Juan Williams: Trump’s reckless North Korea gamble — the unifying theme of his foreign policy is disrespect

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Trump appears ready to take military action on North Korea

Former Green Bert Terry Schappert reacts

Editor's note: The following column originally appeared in The Hill and in TheHill.com.

There are no two ways about it.

By saying he is willing to “totally destroy” North Korea to defend the U.S. and its allies, President Trump last week opened the door to possibly launching a pre-emptive military strike, even a nuclear strike.

Did his threat work?

His previous pledge to loose “fire and fury” on North Korea only accelerated the pace of threatening missile launches from “Rocket Man,” as Trump mockingly refers to Kim Jong-Un, the leader of the communist regime.

But in recent weeks, Trump won two unanimous votes in the United Nations Security Council to impose limited sanctions on North Korea. And China has halted its banks from doing business with North Korea.

Early in the year, Trump pressed China to apply even stronger pressure. In July, he admitted to being “very disappointed” with Chinese efforts to cripple Kim’s regime.

Did last week’s speech spur the Chinese to act?

To the contrary, China’s foreign ministry reacted by calling for “restraint” by the U.S.

“Trump’s political chest thumping is unhelpful and it will only push [North Korea] to pursue even riskier policies, because survival of the regime is at stake,” said a column in China’s People’s Daily newspaper.

What about Kim’s response?

The North Korean leader fired back at Trump by calling the president a “mentally deranged U.S. dotard.” That is to say, he dismissed Trump as an elderly, mentally weakened person, and promised to “tame” Trump with “fire.”

At the U.N., there was an equally juvenile put-down of Trump from North Korea’s foreign minister, Ri Yong Ho: “If he was thinking he could scare us with the sound of a dog barking, that’s really a dog dream.”

What about the Russians? Did the speech win new support from them?

“We are witnessing a very dangerous confrontation spiral,” Russia’s foreign minister, Sergei Lavrov, said in response. Lavrov described the exchange between Trump and Kim as “military hysteria” and a foreign affairs “disaster.”

What did Americans think?

Congressional Democrats revived their push to restrain the president’s constitutional war powers.

“The more the president talks about the total destruction of North Korea,” Sen. Edward Markey (D-Mass.) told a reporter, “the more it's necessary for the country and the Congress to have a debate over what the authority of a president is to launch nuclear weapons against another country."

What about American experts on North Korea? What did they think?

“President Trump has handed the North Koreans the sound bite of the century [with this threat to destroy North Korea]. That footage will be used time and time and time again on North Korea’s state television channel,” Marcus Noland of the Peterson Institute for International Economics told a reporter.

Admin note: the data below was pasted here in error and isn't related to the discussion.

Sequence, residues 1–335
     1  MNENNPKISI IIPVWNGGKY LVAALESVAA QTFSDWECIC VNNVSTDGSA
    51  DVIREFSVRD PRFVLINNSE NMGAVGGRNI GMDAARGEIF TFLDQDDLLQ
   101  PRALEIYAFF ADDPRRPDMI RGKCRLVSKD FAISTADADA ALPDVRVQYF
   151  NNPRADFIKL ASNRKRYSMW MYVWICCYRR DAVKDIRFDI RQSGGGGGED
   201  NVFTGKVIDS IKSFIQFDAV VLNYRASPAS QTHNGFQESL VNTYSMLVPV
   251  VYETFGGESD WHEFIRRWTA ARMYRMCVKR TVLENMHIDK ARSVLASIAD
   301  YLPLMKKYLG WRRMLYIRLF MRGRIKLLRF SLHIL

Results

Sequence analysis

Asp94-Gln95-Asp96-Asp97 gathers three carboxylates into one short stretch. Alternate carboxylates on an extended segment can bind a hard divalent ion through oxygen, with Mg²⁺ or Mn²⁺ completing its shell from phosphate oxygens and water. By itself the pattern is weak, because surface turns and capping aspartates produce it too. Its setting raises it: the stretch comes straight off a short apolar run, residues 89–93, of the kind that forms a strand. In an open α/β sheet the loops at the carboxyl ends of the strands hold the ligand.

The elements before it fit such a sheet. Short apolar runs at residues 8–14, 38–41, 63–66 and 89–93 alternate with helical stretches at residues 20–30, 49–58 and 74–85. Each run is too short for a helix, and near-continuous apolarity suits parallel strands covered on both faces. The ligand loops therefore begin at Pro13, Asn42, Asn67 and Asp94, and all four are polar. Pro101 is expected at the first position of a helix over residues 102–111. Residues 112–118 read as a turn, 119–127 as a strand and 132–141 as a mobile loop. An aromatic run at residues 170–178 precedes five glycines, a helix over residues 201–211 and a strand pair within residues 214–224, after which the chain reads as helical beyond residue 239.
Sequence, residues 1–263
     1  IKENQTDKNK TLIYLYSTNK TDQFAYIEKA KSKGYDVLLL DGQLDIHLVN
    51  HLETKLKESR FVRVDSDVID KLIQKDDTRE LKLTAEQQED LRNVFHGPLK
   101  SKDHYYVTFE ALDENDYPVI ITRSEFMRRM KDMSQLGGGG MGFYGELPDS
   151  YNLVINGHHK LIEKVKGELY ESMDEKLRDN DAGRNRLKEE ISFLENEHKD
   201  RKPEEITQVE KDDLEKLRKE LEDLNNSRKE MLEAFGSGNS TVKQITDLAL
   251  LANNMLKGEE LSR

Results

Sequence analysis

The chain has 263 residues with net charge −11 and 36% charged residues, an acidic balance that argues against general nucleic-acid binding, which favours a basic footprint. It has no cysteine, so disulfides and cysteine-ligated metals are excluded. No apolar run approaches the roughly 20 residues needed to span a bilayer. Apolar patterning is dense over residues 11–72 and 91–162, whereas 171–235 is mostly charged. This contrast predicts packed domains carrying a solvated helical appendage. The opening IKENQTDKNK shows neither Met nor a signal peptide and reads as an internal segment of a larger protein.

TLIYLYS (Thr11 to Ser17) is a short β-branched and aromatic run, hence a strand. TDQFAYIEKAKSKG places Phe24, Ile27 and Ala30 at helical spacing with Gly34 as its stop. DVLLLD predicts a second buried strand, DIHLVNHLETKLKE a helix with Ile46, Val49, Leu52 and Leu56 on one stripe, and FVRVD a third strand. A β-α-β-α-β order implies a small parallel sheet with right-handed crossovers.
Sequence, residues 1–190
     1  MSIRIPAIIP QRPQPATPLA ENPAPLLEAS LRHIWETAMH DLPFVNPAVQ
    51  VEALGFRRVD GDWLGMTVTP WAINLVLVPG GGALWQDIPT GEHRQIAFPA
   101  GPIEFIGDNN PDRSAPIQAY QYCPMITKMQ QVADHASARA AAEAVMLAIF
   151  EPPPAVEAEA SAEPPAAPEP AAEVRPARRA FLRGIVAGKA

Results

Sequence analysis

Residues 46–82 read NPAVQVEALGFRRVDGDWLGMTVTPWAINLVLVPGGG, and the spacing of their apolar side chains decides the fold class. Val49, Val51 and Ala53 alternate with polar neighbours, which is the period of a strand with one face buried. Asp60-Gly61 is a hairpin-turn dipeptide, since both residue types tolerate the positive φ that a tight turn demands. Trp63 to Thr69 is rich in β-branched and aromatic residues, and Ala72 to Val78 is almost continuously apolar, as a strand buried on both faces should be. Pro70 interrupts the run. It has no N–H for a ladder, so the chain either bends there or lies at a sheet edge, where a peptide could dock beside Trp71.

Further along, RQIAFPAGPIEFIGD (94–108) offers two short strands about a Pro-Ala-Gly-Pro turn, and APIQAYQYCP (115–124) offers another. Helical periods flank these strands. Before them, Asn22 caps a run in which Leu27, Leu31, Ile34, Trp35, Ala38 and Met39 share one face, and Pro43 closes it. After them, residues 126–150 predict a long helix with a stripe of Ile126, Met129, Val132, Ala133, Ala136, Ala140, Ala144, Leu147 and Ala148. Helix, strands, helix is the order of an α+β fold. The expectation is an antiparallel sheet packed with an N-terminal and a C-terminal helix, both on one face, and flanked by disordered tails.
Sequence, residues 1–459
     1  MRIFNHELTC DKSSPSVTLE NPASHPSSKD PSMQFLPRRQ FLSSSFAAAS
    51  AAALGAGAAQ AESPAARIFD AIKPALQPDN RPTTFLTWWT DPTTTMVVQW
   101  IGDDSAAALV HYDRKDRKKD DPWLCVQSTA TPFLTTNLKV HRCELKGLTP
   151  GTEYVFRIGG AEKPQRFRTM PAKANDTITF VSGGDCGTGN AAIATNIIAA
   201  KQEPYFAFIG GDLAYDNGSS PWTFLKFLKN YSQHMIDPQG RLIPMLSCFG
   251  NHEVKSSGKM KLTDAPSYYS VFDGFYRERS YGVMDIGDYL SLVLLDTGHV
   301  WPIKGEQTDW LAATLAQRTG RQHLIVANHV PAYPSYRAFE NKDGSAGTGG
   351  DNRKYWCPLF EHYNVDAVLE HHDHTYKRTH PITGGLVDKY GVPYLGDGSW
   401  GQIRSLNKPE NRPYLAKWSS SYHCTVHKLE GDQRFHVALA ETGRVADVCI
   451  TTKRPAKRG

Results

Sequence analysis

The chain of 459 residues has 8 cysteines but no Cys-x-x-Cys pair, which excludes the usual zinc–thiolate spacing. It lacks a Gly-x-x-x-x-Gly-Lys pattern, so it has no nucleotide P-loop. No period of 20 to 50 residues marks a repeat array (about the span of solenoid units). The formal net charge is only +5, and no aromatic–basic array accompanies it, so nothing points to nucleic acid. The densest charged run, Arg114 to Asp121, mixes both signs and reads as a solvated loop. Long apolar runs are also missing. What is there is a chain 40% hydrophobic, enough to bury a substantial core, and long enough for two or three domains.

Trump’s aggressive handling of North Korea fits into a pattern.

He is similarly bombastic — and similarly non-strategic — in calling the Iran nuclear deal an “embarrassment,” to the U.S.

No other country has joined Trump in expressing regret over the deal. And he has not really explained why it is a bad deal.

In fact, the other nations who signed the deal, as well as the International Atomic Energy Agency (IAEA), have all said Iran is in compliance.

Iranian President Hassan Rouhani fired back at Trump in his own speech to the U.N. General Assembly:

“Ugly, ignorant words were spoken by the US president against the Iranian nation, full of hatred and baseless allegations,” Rouhani said.

The New York Times editorial board noted another problem with Trump’s attack.

“If America withdraws from the agreement, it will outrage the other major powers that are party to the deal — France, Britain, Germany, Russia and China — and give Iran an excuse to resume a full-blown nuclear program.

“Why Mr. Trump would risk that when North Korea’s program is a full-time concern is a mystery,” the Times concluded.

This brings to mind one of Hillary Clinton’s most memorable speeches during last year’s campaign.

She said Trump’s foreign policy “ideas aren’t just different, they are dangerously incoherent. They’re not even really ideas, just a series of bizarre rants, personal feuds and outright lies. This is not someone who should ever have the nuclear codes, because it’s not hard to imagine Donald Trump leading us into a war just because somebody got under his very thin skin.”

Nine months into the Trump’s leadership, the unifying theme of his foreign policy is disrespect for any deal made by President Obama and a lack of core principles to shape his own view of the world.

Trump talks about the importance of putting America first but as the Wall Street Journal editorial page noted there is “no substitute for U.S. leadership… if he wants to build a more peaceful world.”

Political commentator Salena Zito famously wrote last year that journalists took Trump literally during the campaign but not seriously, and that his supporters took him seriously but not literally.

In a political campaign, that worked.

On the world stage with a nuclear crisis escalating, it is scary and possibly deadly.

Juan Williams currently serves as a co-host of FOX News Channel's (FNC) "The Five" (weekdays, 5-6PM/ET) and also appears as a political analyst on "FOX News Sunday with Chris Wallace" and "Special Report with Bret Baier."

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